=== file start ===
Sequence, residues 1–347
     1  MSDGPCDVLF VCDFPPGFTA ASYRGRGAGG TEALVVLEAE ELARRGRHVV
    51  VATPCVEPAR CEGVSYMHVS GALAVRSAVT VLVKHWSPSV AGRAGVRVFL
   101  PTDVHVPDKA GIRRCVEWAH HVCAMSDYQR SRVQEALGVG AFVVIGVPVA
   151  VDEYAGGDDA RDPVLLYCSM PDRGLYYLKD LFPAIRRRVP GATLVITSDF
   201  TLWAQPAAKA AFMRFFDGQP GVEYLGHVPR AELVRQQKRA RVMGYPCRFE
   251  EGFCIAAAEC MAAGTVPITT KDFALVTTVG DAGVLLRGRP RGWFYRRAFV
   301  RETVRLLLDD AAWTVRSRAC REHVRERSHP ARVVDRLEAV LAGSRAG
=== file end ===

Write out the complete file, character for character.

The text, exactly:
Sequence, residues 1–347
     1  MSDGPCDVLF VCDFPPGFTA ASYRGRGAGG TEALVVLEAE ELARRGRHVV
    51  VATPCVEPAR CEGVSYMHVS GALAVRSAVT VLVKHWSPSV AGRAGVRVFL
   101  PTDVHVPDKA GIRRCVEWAH HVCAMSDYQR SRVQEALGVG AFVVIGVPVA
   151  VDEYAGGDDA RDPVLLYCSM PDRGLYYLKD LFPAIRRRVP GATLVITSDF
   201  TLWAQPAAKA AFMRFFDGQP GVEYLGHVPR AELVRQQKRA RVMGYPCRFE
   251  EGFCIAAAEC MAAGTVPITT KDFALVTTVG DAGVLLRGRP RGWFYRRAFV
   301  RETVRLLLDD AAWTVRSRAC REHVRERSHP ARVVDRLEAV LAGSRAG